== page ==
Dorval Asset Management’s macroeconomic & market scenario and exposure rates - 21 novembre 2022

Risk appetite continues to amplify on the financial markets, despite warnings from some central banks. Disinflation in the real estate sector in the US and the decrease in risk in Europe have fueled this trend.

The main central banks are likely poised to stick to their guns on rate hikes, but comments from monetary policy committee members show that they are no longer singing from the same hymn sheet. For example in the US, some members of the Fed seem to see 5% as the highest point for leading rates in 2023, while others view this figure as a minimum. For now, the markets are expecting the doves to win out on the back of clear disinflation anticipated for 2023.

This is a risky bet, but the latest inflation statistics on new rents are encouraging in this respect. In October, this inflation seems to have returned to pre-Covid levels according to smoothed data from Zillow, and has already even moved into negative territory according to Apartment List (cf. chart 1). These figures will only gradually trickle through to the consumer price index in 2023, as it incorporates all rents and not just new rents. The real estate component accounts for 42% of the US core CPI, so this is a huge challenge. However, it is worth noting that the weighting of real estate in the consumption deflator – a key indicator for the Fed – is much lower, accounting for 18% of the core deflator.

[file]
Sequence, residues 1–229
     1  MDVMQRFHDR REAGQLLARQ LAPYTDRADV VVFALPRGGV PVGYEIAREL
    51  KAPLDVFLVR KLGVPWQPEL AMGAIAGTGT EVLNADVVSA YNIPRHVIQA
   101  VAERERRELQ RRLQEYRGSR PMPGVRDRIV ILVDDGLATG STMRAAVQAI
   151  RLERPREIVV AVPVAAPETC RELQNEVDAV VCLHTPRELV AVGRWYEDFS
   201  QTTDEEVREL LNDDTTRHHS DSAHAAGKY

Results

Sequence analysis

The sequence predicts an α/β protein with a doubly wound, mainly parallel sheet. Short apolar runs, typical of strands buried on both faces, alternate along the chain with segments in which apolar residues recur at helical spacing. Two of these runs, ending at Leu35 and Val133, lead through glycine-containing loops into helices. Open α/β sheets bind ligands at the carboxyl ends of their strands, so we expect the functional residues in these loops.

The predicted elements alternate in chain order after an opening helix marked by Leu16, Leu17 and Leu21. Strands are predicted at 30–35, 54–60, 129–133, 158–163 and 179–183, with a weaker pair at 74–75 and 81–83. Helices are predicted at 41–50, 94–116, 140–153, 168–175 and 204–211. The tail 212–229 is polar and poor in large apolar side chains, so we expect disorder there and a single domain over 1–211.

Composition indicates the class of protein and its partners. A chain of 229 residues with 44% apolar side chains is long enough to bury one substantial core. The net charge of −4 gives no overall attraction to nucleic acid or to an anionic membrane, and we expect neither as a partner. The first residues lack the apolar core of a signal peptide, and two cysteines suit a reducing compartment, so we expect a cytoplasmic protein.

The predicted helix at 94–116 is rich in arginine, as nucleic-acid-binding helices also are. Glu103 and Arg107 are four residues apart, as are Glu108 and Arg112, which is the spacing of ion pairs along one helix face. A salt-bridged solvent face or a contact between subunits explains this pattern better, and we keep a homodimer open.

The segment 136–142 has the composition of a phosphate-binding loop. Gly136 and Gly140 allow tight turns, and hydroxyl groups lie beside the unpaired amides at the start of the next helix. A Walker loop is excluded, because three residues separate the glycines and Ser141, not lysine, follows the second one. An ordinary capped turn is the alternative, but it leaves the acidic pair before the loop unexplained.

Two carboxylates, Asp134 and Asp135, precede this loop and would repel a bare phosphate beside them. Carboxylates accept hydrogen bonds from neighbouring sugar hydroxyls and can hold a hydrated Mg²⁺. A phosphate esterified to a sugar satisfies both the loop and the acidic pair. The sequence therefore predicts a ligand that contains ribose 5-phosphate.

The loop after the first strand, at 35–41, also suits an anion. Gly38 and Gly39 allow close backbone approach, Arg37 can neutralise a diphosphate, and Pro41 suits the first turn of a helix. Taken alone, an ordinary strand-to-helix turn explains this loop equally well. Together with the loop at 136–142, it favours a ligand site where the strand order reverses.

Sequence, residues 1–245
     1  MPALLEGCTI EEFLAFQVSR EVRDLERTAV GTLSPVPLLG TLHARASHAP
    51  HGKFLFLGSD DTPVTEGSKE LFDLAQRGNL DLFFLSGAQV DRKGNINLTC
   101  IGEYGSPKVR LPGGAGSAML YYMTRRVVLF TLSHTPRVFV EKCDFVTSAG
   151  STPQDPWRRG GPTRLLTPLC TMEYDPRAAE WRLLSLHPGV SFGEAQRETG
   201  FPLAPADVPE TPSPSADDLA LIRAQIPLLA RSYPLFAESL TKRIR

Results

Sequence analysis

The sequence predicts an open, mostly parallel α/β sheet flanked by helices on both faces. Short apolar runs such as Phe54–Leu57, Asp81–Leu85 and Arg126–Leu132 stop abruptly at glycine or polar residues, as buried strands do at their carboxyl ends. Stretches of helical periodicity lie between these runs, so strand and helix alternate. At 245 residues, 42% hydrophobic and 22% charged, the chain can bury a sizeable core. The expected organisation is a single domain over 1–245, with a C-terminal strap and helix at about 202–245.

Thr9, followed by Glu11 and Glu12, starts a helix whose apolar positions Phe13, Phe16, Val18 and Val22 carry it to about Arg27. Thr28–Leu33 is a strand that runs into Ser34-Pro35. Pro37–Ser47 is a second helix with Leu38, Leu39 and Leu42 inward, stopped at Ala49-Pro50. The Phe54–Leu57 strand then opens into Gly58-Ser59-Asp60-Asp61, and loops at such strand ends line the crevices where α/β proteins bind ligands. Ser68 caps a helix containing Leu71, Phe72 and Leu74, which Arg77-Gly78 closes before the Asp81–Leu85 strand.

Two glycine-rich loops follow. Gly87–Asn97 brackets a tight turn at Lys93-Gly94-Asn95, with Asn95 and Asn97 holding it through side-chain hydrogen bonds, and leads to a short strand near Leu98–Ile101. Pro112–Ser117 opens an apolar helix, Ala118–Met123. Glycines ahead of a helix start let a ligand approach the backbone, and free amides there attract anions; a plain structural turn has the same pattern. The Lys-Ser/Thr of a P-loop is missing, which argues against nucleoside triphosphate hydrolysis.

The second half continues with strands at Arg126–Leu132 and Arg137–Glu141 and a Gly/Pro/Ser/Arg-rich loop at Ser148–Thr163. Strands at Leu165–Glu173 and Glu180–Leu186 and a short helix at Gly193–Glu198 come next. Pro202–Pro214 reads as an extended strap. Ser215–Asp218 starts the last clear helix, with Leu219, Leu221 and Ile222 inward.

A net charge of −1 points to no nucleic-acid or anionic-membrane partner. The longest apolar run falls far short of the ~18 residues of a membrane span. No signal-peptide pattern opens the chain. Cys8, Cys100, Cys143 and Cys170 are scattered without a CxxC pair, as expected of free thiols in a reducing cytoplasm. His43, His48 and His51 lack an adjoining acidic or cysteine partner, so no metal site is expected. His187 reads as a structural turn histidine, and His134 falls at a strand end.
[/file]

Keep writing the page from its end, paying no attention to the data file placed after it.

Slowing inflation for new rents in the United States
MoM changes, annualized rates

New rents (source Zillow) / New rents (source Apartment List)

 

Meanwhile in Europe, a warm Fall season, energy savings, massive imports of LNG and strong fiscal support are now helping ward off disaster scenarios for the winter ahead. Sentiment on the European economic outlook therefore probably hit a low in October, as attested by the clear rebound on the ZEW index in November (cf. chart 2). The upturn in European equities is therefore warranted by this decrease in risk, although major uncertainties remain. However, a brighter outlook for the European economy would mean that the ECB’s rates could hike further than the market currently expects for 2023, lending further credence to an approach that steers clear of euro area sovereign bonds in our view.

 

Rebound in perception of German economic outlook in November

 

 

In our international flexible funds, we maintain our strong investment focus on money-market assets, which benefit from hikes to central banks’ rates, along with moderate and highly diversified equity exposure. Our bond exposure remains low, and duration is slightly negative in Europe (short position on German 5-year) and slightly positive in the US (long position on US 30-year).

 

 

 

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